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Connecticut State Golf Association
Steward of Connecticut Golf Since 1899
Connecticut State Golf Association
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Conroys Capture Father-Son Title

(Len and Greg Horvath finished 2nd at 71, one-under par)

August 20, 2018:  In the test of loyalty and nerves that is the Connecticut Father & Son Championship, only two teams broke par Monday on a damp, demanding Wampanoag Country Club.

What separated those two teams was two shots and three par fives.

Joe and Ben Conroy birdied all four of the par five holes, two on each side, and despite a pair of late bogeys, shot 69 (-3). Runners-up Len and Greg Horvath of Manchester Country Club made no bogeys all day—the only team with a “clean” card—but birdied just once, the par-5 sixth, and that proved the difference. They shot 71 (-1).

“The par fives you could take advantage,” said Joe Conroy, a 5 handicap with the Eclub of Connecticut. “If I could get one in the fairway, Ben obviously could get the second shot there. I mean even if it was 235 yards, he’s hitting 3-iron.”

Ben, is after all, the 2018 Connecticut Amateur Champion. 

That said, the Conroys did not know where they stood when they made the final birdie. “We decided that in a format like this, it’s just play and not worry about it,” said Joe of the modified alternate shot format, in which both players hit tee shots and then play one ball in from there.

“We didn’t know, but I had a feeling three or four would do it,” said Ben. They reached four-under with a birdie on the par-5 12th, then lost ground with bogeys on 15 and 17 and were two under heading into the final hole.

Though many of the teams in the field have played multiple Father & Sons, it was only the second time for the Conroys, the first about six years ago before Ben briefly turned professional and then reclaimed his amateur status last year.

In all the Conroys made six birdies—the only team to do that—including three on the wetlands-crossing, par-4 18th, which played well over par for the day. As was the case most of the day, they had a choice of drives. “I said, ‘Do you want to hit the approach shot or hit the putt?’” said Ben. “My Dad said, ‘I wanna make the putt.’” Ben hit an 8-iron to three feet and Joe converted.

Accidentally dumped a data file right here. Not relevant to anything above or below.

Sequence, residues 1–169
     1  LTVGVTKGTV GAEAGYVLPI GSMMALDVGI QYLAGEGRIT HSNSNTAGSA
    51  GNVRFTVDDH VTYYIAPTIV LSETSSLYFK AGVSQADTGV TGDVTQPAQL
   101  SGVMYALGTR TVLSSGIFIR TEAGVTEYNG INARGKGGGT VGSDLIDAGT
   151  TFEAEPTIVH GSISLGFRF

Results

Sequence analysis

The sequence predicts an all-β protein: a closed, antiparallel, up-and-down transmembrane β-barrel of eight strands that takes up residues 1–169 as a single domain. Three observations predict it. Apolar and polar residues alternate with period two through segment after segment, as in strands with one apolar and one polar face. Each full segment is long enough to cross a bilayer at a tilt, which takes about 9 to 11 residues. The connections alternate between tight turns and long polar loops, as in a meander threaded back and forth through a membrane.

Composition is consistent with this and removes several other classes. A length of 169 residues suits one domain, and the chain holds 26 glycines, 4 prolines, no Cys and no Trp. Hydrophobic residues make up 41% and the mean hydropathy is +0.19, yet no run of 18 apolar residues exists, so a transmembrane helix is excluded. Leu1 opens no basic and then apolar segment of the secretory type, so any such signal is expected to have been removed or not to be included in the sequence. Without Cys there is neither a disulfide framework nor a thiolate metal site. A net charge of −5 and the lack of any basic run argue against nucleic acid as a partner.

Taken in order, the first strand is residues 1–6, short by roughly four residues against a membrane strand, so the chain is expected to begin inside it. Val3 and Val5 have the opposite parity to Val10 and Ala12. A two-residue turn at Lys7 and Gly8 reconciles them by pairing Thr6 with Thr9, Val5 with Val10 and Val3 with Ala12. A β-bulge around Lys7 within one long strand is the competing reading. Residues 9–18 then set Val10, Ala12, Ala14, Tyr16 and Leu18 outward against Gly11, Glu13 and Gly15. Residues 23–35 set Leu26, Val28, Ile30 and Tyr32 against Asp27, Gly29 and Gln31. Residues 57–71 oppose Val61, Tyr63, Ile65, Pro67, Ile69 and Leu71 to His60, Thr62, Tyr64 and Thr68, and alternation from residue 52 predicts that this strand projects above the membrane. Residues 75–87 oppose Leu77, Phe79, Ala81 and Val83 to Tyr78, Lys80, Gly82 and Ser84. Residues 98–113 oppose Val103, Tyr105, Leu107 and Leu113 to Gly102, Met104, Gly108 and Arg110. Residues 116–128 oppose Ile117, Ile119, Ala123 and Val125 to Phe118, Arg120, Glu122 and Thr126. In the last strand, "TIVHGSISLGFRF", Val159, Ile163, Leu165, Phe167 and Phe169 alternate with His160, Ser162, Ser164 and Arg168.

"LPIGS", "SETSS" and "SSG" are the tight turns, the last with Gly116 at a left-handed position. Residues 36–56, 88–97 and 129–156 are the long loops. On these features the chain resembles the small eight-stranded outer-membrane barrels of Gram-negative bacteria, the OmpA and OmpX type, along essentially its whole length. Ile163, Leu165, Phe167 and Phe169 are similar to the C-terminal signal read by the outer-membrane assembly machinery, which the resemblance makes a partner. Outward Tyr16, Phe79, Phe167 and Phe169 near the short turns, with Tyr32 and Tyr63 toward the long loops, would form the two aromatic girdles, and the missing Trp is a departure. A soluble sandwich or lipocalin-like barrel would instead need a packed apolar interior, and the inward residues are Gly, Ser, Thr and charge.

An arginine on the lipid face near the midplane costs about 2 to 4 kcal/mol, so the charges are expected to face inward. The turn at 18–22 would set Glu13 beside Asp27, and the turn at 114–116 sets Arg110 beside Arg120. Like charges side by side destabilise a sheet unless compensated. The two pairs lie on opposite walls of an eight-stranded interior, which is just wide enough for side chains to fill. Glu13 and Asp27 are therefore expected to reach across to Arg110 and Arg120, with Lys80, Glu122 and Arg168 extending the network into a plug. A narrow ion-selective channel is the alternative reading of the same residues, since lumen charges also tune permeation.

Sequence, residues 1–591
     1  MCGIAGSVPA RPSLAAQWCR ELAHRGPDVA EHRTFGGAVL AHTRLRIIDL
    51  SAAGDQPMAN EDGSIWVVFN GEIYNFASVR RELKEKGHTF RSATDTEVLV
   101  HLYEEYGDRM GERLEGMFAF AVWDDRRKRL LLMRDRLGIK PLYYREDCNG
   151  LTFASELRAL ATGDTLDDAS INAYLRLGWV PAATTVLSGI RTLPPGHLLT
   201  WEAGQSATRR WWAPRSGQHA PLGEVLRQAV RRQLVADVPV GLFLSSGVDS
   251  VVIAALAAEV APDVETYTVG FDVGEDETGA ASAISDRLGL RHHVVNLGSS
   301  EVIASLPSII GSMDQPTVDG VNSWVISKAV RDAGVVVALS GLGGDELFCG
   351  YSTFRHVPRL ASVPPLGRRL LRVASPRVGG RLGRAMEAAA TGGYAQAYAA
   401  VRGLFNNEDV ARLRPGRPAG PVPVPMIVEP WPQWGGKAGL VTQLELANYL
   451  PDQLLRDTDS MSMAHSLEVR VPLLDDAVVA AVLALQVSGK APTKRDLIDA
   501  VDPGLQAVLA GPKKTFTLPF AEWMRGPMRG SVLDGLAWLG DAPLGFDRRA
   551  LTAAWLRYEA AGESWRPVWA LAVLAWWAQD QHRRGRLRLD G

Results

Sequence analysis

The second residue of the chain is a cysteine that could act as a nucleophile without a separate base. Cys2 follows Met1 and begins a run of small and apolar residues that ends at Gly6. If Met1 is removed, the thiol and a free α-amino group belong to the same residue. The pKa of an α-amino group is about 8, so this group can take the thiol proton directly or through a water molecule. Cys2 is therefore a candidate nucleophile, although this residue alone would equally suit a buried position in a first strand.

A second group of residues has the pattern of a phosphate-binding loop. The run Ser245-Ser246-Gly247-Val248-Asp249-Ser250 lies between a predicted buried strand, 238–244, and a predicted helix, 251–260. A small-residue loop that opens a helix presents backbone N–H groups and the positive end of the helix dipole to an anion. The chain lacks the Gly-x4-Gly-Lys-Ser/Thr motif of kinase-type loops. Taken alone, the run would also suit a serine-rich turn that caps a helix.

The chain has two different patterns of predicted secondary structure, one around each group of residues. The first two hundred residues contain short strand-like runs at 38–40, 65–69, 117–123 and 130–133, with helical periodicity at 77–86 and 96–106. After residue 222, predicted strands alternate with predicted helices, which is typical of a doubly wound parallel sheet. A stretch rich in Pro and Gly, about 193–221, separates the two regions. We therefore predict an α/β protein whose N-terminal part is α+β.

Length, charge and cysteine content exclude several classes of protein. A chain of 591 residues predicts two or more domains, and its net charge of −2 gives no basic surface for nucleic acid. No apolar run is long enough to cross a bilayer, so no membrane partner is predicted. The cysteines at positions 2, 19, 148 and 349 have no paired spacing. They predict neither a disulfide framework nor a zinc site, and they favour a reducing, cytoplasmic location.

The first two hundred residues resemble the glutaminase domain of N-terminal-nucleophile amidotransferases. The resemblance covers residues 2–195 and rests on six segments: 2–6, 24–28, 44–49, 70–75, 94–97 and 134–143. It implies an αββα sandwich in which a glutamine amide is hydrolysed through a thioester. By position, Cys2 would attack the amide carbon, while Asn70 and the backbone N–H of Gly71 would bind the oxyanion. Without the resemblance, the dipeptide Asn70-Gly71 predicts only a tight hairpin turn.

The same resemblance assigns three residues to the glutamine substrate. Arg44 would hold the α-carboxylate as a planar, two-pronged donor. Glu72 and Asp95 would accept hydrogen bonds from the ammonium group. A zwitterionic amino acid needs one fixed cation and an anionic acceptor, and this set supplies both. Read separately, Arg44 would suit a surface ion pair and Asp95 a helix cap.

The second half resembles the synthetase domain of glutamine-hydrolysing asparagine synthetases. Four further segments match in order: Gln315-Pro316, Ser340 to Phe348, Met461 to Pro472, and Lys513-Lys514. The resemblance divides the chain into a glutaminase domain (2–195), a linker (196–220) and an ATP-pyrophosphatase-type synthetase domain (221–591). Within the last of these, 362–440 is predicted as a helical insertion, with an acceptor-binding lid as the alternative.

“We really yinned and yanged,” said Joe. “Alternate shot is a whole different kind of rhythm than playing your own ball, given that you’re responsible for someone else. It gives you an appreciation for Ryder Cup competition.” Ben said consistent tee shots were key. “We didn’t hit every fairway, but we had a clear approach to every green.” 

The fact that Conroys work together—they have a kitchen contracting business—may have contributed to an unshakable attitude.  Or perhaps it’s their ice time that keeps them cool. They were looking forward to a hockey playoff game at 8:30 p.m. the night of the Father & Son.  “Hey, to be able to play with your son is just so great. We weren’t worried about anything else really,” said Joe.

Two teams shot even par to tie for third: Steve and Clark Robinson of Ellington Ridge Country Club and Richard and Shep Stevens of Sterling Farms and New Haven Country Club. 

But in the 82nd Father & Son, many teams who tasted sub-par front nines, were undone on the 3348-yard back.  Early leaders Chris and William Simeone of Race Brook shot two under on the front, five over on the back, as did Joe and Brian Cooney of TPC River Highlands.  John and Bradley Sawka of Ellington Ridge were two under on the front, three over on the back. Michael and Patrick Herlihy of Fox Hopyard were one under on the front, five over on the back.

“Are you guys talking to one another?” asked someone of a team that suffered a similar back-nine fate. “Not yet,” came the reply.

The Father & Son is one of more than 50 Championships, Qualifiers and One-Day Tournaments the CSGA conducts throughout the year, in addition to administering handicaps for over 40,000 members and 181 member clubs. The association functions as an extension of the USGA and provides stewardship for amateur golf in Connecticut. Founded in 1899, it is the country’s oldest state golf association. As a 501(c)(6) non-profit organization, the CSGA supports a variety of golf organizations within Connecticut, including the Connecticut Women’s Golf Association, Southern New England Women’s Golf Association, The First Tee, the Connecticut PGA, and the CSGA Scholarship Fund in honor of Widdy Neale.

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About the CSGA

The CSGA functions as an extension of the USGA and provides stewardship for amateur golf in Connecticut. Founded in 1899, it is the country’s oldest state golf association and conducts over 50 Championships, Qualifiers and One-Day Tournaments throughout the year, in addition to administering handicaps for over 40,000 members and 181 member clubs. As a 501(c)(6) non-profit organization, the CSGA supports a variety of golf organizations within Connecticut, including the Connecticut Women’s Golf Association, Southern New England Women’s Golf Association, The First Tee, the Connecticut PGA, and the CSGA Scholarship Fund in honor of Widdy Neale.